The Slow Road to Hell (NeRdyWYRM’s Review)

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Title: The Slow Road to Hell (Elders Edge #1)
Author: Grant Atherton
Publisher: Self-Published
Release Date: May 23, 2017
Genre(s): Contemporary Romance, Mystery
Page Count: 235 pages
Reviewed by: NeRdyWYRM
Heat Level: 2.5 flames out of 5
Rating: 3.5 stars out of 5

Forensic Psychologist Michael MacGregor returns to his old home town when his estranged father, the local priest, is murdered in the first of a series of killings. Nathan Quarryman, the lover he walked out on years before and now the local Chief of Police, is tasked with investigating the crimes. The two men must find a way to settle their differences, repair their broken relationship, and work together to bring the killer to justice.

An Evocative Rollercoaster Ride

I am so tied up in knots right now it’s not even funny. The angst and the feels, the angst and the feels, up, down, twist, down, up, and down again. Maybe my whodunit brain cells were broken, but the villain turned out to be at the bottom of my list of three suspects so … for me, the mystery was successful. The relationship … my gods. I felt like I was on an exhilaratingly terrifying rollercoaster the whole time. Take a look at these faces, you’ll see what I mean. Clockwise from top right: relief, anguish, terror, and happiness. Mm-hmm. That about sums it up.


The pacing in this book was great. There weren’t any lags and nothing seemed rushed either. To be honest, Mikey wasn’t a very likable character. Putting aside his failed relationships and history of self-sabotaging those relationships in a most flagrant way, I continually got the feeling that he was weak of character, too. I’m not saying he was a total douche … maybe. I can imagine his upbringing left a lot to be desired, but he seemed too quick to jump to conclusions and otherwise scarper for someone who was a trained forensic psychologist and profiler.

Then again, who knows what that’s like when your emotions are involved in a situation. Perhaps objectivity goes out the window and you truly are blinded enough to ignore what skills that should be muscle memory are telling you. Sigh. I don’t know. Nathan seemed to be similarly handicapped and clueless, I mean, seriously, what was that shit with Brandon? None of that particular situation was explained, at least not to my satisfaction. I realize the romance in this one was slow-going. In fact, there wasn’t much steam at all, but the chemistry was intense and there was so much unresolved hope for more.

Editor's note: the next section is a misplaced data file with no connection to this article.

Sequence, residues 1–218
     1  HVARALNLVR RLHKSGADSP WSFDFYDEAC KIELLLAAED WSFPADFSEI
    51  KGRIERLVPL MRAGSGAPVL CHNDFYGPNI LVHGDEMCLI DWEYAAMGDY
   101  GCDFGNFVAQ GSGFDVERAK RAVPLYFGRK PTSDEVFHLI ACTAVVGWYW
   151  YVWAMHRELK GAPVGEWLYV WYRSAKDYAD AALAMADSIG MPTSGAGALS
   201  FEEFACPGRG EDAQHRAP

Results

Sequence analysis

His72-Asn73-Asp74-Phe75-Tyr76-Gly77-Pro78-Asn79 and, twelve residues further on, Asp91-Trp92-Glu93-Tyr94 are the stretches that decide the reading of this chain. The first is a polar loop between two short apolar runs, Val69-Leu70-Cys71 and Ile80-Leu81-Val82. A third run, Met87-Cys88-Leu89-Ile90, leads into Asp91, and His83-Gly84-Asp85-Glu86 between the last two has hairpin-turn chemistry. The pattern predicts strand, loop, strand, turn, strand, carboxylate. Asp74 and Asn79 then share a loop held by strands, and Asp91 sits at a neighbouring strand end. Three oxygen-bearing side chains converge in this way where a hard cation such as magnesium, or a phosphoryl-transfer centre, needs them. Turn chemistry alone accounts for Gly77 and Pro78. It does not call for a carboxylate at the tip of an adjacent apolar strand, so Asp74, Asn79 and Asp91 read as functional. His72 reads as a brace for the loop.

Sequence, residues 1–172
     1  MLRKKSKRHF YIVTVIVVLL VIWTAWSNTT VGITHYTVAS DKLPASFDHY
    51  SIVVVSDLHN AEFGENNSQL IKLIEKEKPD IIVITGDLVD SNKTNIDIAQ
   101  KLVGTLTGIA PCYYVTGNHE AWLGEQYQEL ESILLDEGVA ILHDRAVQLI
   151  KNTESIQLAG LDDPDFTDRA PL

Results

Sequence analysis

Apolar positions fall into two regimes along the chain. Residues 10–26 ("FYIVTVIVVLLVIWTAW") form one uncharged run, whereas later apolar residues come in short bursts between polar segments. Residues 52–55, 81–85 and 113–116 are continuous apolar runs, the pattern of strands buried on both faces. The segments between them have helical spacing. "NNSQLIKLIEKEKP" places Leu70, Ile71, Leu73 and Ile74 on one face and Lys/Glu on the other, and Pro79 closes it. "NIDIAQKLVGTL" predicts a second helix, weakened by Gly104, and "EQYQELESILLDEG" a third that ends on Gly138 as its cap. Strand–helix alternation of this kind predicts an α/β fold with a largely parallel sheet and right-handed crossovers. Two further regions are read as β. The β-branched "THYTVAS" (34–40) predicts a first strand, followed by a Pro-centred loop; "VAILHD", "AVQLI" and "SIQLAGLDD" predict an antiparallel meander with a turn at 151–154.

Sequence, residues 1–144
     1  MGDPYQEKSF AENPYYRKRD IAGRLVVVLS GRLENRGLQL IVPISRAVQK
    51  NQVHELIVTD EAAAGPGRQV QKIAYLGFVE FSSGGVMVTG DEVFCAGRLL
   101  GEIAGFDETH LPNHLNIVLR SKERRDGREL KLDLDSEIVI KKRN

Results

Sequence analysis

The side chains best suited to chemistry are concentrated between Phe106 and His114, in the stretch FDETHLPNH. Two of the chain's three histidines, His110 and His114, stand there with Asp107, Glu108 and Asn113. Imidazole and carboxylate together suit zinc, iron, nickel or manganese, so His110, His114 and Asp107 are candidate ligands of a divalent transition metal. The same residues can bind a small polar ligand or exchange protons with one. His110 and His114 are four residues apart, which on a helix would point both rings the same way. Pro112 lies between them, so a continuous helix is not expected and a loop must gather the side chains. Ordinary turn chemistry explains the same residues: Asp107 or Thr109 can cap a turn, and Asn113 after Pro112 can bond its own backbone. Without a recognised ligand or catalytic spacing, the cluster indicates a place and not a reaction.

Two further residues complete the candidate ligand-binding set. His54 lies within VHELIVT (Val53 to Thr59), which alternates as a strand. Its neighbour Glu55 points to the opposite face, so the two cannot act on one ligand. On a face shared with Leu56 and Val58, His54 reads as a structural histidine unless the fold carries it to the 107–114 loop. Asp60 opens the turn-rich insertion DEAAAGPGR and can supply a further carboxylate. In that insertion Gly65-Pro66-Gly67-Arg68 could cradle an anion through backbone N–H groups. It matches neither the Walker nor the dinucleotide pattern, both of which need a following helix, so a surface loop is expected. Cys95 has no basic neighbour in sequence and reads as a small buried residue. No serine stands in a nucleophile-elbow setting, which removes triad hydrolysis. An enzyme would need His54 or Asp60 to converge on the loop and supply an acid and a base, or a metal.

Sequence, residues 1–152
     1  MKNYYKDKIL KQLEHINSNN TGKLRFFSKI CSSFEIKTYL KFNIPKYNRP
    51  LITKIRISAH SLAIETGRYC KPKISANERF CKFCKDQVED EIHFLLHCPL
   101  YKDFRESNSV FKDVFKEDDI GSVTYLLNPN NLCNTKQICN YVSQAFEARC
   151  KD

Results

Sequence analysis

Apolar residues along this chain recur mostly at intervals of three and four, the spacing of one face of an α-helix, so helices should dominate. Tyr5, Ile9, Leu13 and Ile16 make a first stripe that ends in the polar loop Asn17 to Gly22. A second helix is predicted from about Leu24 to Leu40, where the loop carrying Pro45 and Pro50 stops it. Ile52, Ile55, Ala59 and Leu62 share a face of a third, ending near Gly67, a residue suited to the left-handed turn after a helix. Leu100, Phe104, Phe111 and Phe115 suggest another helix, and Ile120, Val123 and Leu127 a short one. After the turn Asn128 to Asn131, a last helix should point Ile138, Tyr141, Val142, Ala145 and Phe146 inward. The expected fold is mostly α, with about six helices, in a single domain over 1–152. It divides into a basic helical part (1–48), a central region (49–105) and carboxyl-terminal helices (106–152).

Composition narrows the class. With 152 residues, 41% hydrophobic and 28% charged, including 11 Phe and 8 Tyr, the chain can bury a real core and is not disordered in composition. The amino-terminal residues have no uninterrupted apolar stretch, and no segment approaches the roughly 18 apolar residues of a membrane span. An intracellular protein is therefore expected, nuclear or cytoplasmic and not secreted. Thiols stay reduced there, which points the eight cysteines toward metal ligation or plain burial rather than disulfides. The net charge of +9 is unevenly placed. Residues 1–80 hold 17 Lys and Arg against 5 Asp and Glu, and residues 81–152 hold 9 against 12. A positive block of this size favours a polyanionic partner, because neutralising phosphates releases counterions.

Was Nathan—who had thus far been mostly in the right—being a hypocrite and double dipping? If so, that was unforgivably wishy-washy, but I’m only speculating now. Just goes to show you, the whole damn thing was a wicked ride, and at the end … well, I feel nauseous. That doesn’t seem very flattering on its face, but I don’t mean it in a bad way necessarily. I also kind of wanna love-cry at the same time.

nausea~love crying~nausea~love crying~nausea

As much as I enjoyed it, I feel cheated by the ending. Thus the clenching in my gut. Things are unresolved as far as I’m concerned, and I resent it even though I understand it. I don’t know if the author plans a follow-on or not, but I certainly hope so. This wasn’t necessarily a cliffhanger, but I feel that there are so, so many things left hanging in the relationship that I can’t find my way clear to decide whether this book was so good I was invested to the point of illness when it ended, or if that’s disappointment roiling in my belly. I suppose if nothing else can be said of this book, it definitely made me feel pretty intensely about a great many things along the way.